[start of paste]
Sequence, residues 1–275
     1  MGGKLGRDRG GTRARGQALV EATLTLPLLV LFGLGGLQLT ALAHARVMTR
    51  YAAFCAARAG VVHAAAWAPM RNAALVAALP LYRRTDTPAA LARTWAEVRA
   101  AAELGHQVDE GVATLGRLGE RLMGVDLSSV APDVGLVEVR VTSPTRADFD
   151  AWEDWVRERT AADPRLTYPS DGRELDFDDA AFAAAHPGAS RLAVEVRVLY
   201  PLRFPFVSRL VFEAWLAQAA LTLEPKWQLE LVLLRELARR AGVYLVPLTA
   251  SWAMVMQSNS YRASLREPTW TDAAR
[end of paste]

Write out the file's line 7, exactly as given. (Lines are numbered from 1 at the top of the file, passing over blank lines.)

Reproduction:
   251  SWAMVMQSNS YRASLREPTW TDAAR